• Similarly, the proposition that Professor Roberts wouldn’t be married to Jessica had he attended Wheaton is made true by the proposition that Professor Roberts isn’t married to Jessica having the property of being true had he attended Wheaton or being true in a world where he attends Wheaton.

  • This solution looks like it requires the existence of possible worlds, though.


Suggestion 3

Suggestion #3

  • Construe states of affairs as abstract objects that do not include concrete objects.

    • States of affairs are like propositions, only they don’t bear truth values (e.g., snow’s being white)

  • Let a world be a maximal state of affairs that includes every state of affairs S and precludes every state of affairs S*, where S* is the contrary of S.

    • If S is snow’s being white, S* is snow’s not being white.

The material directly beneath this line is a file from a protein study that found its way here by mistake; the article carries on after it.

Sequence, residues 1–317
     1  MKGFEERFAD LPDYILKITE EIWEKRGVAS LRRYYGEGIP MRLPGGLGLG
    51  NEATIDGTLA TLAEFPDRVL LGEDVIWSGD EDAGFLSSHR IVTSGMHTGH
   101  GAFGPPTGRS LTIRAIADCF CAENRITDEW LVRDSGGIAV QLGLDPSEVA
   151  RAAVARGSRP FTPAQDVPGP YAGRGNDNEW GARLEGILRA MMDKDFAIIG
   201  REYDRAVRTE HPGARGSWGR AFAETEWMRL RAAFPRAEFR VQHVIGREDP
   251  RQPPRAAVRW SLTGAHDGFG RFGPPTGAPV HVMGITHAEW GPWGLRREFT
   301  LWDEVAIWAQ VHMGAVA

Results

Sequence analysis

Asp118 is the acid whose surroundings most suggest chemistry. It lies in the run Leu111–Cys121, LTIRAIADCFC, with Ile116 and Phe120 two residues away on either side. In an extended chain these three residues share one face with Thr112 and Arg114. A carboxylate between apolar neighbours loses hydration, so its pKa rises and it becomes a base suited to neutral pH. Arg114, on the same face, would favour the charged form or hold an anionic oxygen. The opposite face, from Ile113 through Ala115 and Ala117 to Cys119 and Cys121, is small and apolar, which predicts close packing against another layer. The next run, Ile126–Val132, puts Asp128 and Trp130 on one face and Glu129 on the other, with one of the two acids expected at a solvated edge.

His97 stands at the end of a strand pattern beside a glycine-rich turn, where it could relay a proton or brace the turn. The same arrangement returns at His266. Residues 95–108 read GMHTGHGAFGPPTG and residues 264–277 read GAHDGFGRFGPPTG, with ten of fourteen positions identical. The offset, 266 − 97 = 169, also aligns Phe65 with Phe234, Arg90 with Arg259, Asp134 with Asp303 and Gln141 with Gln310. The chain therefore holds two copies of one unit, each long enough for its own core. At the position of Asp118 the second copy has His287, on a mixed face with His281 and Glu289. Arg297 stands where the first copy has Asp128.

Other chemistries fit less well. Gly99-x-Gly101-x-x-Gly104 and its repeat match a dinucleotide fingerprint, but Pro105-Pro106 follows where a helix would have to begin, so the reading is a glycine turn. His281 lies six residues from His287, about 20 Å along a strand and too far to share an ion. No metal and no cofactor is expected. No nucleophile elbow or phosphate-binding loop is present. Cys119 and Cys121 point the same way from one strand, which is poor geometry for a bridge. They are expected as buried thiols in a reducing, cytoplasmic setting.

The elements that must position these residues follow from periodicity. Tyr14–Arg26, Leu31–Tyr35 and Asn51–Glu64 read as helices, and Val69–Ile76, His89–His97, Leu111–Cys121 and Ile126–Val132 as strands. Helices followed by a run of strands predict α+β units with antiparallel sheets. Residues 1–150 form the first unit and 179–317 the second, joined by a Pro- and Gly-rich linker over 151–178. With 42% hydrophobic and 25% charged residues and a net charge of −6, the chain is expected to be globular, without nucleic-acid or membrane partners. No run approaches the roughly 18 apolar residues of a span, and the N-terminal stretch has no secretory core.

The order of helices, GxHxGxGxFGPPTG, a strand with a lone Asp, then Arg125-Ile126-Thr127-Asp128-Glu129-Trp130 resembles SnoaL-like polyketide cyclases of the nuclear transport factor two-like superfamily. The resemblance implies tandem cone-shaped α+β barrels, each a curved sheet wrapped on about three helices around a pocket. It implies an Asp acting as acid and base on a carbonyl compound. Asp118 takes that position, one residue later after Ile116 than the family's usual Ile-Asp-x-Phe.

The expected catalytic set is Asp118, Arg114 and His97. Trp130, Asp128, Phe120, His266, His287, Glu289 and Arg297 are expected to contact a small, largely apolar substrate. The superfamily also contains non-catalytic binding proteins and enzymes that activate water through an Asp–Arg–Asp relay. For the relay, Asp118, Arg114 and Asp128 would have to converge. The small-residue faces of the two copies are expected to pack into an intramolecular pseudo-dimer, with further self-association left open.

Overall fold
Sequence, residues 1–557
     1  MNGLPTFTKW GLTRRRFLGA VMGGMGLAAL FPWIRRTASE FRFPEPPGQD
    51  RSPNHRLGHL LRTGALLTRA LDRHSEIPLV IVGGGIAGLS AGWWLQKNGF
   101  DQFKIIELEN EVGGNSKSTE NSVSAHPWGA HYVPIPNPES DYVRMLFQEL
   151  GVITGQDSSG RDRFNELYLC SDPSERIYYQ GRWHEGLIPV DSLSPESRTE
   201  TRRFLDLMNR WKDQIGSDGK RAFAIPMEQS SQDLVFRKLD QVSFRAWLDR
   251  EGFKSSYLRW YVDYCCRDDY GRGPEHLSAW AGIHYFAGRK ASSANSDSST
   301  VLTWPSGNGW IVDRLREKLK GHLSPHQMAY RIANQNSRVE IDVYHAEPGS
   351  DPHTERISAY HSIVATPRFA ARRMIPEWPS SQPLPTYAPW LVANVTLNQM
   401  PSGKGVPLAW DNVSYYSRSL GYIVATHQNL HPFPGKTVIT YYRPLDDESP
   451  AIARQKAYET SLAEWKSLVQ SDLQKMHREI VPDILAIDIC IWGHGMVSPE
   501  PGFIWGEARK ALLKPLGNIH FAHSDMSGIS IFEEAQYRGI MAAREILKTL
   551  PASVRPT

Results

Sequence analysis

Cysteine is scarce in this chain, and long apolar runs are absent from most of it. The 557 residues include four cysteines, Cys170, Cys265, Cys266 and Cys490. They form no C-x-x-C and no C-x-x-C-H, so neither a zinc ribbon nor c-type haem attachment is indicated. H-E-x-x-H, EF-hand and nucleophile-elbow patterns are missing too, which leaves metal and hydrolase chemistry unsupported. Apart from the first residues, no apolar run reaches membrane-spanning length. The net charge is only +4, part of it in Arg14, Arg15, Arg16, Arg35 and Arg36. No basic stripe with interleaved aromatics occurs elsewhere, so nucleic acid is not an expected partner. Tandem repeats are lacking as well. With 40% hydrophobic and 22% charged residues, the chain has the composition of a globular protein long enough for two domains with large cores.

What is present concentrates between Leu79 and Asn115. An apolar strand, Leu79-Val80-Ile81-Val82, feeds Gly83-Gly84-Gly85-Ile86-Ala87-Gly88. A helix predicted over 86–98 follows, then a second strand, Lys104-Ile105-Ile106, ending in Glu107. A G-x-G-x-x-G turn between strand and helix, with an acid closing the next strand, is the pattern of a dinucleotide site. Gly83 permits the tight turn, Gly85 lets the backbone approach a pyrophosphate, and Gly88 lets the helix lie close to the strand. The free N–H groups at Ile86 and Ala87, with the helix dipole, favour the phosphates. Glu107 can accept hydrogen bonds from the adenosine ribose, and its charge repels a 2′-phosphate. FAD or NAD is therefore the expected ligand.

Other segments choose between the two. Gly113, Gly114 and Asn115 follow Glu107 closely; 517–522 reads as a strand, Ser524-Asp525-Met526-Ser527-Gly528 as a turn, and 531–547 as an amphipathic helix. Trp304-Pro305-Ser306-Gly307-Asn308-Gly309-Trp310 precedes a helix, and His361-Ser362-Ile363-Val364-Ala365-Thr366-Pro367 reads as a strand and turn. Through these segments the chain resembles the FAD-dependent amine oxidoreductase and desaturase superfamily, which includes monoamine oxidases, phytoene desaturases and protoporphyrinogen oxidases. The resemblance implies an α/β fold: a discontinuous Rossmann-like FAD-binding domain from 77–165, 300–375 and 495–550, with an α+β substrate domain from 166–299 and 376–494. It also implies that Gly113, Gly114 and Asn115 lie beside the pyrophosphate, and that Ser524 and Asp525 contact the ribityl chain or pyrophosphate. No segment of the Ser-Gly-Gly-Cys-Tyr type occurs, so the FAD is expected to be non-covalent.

• All tensed (past and future) propositions about objects in the actual world are made true by the sequenced states of affairs that make up the actual world.

  • Logically prior to God’s creative decree, counterfactuals of creaturely freedom are made true by the states of affairs included in any world that God might create.


Summary

Summary

  • God’s middle knowledge of counterfactuals of creaturely freedom is designed to reconcile divine foreknowledge and human freedom.

  • Truth-maker theory seems to count against the truth of counterfactuals of creaturely freedom, the subject of God’s foreknowledge.

  • A correspondence theory of truth can still be preserved by redefining or eschewing truth-makers and thereby saving the doctrine of middle knowledge.